In the second part, we can visualize the data about a particular student, Mary Smith: some of her registration data, the engagement and score charts.

There are many tools that can be used for student monitorization such as PowerBI or Tableau. These tools are used to find insights within a data and help create charts or graphs to provide visuals of the data.

Data visualization makes it easy to understand how your students engage with your content, so you know what is working and what is not and improve the methods.

Analysis of the factors influencing learning

Recognizing the most influencing factors is another key to improve the learning methods.

If the teacher or the learning organization recognizes which aspects are the most important, they can pay more attention.

To find these factors, we calculate the input-target correlations, which calculates the correlations of all the variables with the target variable, for instance, the score.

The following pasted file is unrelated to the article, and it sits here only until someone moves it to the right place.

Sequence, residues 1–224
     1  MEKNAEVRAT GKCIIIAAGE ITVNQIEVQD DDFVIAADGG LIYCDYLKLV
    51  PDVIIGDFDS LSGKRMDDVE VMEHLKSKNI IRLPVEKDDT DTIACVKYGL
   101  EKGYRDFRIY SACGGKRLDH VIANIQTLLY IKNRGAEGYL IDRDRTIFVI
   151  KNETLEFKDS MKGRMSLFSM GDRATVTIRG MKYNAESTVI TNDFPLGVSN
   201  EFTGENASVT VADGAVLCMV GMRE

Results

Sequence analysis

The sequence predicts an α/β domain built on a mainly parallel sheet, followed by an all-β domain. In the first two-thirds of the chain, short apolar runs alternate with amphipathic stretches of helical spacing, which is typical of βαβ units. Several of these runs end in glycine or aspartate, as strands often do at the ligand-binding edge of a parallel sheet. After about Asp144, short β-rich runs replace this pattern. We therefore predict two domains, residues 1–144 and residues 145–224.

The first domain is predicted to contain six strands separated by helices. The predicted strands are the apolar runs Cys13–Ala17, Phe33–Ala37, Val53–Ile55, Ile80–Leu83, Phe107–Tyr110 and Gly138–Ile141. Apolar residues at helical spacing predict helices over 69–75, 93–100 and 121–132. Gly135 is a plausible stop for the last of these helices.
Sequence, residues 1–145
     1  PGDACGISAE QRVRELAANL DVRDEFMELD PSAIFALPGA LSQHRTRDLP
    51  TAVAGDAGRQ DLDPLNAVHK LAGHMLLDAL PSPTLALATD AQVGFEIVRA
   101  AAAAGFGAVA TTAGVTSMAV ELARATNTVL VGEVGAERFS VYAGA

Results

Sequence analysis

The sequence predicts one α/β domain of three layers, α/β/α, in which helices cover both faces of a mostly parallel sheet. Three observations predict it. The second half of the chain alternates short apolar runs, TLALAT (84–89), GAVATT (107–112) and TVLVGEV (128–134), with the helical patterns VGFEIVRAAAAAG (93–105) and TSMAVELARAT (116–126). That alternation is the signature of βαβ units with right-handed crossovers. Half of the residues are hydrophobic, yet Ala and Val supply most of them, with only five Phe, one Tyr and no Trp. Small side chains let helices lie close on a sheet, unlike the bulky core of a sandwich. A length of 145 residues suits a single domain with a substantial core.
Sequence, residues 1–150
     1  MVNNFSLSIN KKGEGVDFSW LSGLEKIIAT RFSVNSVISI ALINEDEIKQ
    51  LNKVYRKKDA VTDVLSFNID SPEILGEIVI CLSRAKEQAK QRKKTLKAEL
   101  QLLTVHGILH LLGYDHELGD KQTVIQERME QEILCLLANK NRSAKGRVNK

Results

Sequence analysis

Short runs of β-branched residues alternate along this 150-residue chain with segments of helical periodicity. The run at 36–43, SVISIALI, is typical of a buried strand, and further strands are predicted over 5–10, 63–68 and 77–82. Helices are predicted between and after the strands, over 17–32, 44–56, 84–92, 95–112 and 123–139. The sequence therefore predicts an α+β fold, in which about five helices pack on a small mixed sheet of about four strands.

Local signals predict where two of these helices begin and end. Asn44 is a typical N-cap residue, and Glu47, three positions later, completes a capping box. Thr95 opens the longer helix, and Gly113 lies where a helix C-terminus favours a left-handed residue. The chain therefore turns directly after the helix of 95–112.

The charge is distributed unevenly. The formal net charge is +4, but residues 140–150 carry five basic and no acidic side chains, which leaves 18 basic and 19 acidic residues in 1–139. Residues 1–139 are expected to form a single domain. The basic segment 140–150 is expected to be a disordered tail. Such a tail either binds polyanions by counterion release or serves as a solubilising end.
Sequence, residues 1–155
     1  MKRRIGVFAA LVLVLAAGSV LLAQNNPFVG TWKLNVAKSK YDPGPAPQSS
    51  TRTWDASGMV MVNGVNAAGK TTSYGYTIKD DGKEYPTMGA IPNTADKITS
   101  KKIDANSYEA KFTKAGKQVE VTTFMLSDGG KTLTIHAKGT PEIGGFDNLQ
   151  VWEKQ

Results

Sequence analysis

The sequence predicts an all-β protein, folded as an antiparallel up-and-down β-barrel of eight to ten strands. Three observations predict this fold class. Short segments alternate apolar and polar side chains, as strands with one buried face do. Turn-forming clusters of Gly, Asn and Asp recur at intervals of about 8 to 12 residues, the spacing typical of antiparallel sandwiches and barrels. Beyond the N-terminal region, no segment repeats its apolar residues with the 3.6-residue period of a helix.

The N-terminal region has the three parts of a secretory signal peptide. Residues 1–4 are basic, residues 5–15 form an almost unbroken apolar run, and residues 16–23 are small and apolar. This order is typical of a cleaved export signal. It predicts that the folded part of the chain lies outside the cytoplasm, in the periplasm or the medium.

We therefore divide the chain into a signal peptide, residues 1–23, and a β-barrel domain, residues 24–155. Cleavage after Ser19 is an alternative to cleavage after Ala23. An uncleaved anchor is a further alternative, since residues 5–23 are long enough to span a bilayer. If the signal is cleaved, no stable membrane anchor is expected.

The following chart shows which factors most influence the variable final_score.

In this example the most influencing factors are the three assessments (assessment_3, assessment_2 and assessment_1) with a positive correlation, the better the assessment, the better the final grade.

The engagements (engagement_1, engagement_3 and engagement_2) also influence positively on the final score, but less than the assessments.

Finally, the variables sex and gender have almost no influence on the final grade.

Student outlier detection

Outlier detection is also essential, especially to detect these students with difficulties or irregular learning processes so that the teacher can adjust the learning methods to their needs.

In the following plot, we can observe the student score as a function of student engagement. The minimum score is 0, and the maximum is 10, and the engagement is measured by the number of times a student interacts with the material that day.

As we can see, there are two outliers selected with the orange circles.

Regarding the student on the top-right side, although he has a good score (around 9), he needs to study eight times more than most of the students that get that mark. This might indicate different things such as concentration problems or addiction to study, and the teacher should look at this student.